Many people walk for pleasure and to add a daily period of exercise to their health regimen. However, there are some dangers associated with pedestrian activities. The Centers for Disease Control and Prevention notes that nearly 6,000 people died in 2017 as a result of pedestrian/vehicle accidents.
If you enjoy walking around your neighborhood or walk to work, understanding your risk factors for an accident may help you stay safe as you travel on foot.
The time of day
Most pedestrian accidents take place at dusk or after sundown, when it is often more difficult to see those on foot. A setting sun might also cause extreme glare and cause a driver to fail to see you in an intersection. You can lower the risk of an accident in several ways, including:
- Wearing reflective vests when you walk at night
- Walk on sidewalks or at the far edge of the shoulder, facing traffic
- Wear brightly-colored clothing
If you walk with your children, ensure they also wear reflective vests and that you cross the street in a group.
A pedestrian accident can happen anywhere but tend to occur more often in cities and other urban areas. Heavy traffic, speeding and driver inattention might all cause a dangerous incident for you while walking. To protect your safety, remain especially focused at crosswalks, in parking lots and at intersections. Avoid wearing headphones or texting in areas with lots of traffic and travel defensively.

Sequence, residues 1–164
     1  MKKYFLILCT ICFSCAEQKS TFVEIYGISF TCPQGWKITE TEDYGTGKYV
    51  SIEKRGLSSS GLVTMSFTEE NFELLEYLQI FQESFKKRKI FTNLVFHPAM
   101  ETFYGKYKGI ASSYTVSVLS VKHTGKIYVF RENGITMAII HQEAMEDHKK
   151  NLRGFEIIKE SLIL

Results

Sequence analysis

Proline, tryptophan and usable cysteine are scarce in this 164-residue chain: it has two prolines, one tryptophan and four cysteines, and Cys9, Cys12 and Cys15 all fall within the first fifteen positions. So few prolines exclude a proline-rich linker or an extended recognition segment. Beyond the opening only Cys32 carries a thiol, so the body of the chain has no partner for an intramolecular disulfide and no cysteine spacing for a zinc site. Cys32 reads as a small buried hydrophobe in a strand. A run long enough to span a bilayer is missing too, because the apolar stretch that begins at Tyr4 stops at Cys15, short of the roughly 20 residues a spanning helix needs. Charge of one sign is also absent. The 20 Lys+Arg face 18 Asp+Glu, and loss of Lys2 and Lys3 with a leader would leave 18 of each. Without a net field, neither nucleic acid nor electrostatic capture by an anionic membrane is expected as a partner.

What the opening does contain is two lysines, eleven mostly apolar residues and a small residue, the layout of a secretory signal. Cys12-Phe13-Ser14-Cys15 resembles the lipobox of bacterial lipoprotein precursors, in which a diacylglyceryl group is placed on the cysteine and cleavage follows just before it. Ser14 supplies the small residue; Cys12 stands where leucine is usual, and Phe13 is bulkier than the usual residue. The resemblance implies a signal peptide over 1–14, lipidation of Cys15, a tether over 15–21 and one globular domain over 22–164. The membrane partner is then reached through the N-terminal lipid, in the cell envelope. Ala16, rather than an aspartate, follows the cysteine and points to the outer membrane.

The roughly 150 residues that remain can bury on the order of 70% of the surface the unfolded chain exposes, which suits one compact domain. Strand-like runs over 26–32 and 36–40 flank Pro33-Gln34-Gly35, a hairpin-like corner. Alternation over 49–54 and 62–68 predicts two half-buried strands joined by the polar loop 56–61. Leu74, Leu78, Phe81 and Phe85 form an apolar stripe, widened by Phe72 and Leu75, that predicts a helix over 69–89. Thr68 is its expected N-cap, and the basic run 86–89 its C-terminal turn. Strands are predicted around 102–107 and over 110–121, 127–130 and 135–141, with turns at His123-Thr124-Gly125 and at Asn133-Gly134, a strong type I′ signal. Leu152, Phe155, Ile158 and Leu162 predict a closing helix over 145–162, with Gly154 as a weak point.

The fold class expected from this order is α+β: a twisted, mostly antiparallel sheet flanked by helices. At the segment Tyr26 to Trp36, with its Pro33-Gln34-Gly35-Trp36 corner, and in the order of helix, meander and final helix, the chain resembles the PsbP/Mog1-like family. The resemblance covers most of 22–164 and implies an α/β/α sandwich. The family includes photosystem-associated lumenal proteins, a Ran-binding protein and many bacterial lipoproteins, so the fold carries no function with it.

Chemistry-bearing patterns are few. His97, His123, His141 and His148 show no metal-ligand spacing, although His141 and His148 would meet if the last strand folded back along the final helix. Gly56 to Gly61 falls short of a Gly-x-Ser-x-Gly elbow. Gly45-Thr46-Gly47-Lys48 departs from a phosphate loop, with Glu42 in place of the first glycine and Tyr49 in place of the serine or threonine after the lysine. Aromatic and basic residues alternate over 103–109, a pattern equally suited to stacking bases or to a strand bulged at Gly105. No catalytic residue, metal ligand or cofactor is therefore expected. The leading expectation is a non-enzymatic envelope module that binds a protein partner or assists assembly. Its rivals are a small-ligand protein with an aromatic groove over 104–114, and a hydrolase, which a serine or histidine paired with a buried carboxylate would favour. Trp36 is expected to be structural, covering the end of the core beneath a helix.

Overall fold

Senior citizens and children face the greatest risk of injuries from a pedestrian accident. Accompany high-risk individuals on walks and keep toddlers especially close.
Remaining aware of your surroundings while on foot may help reduce the risk of injury. While you have the right to share the road with motorists, they may not always look out for you.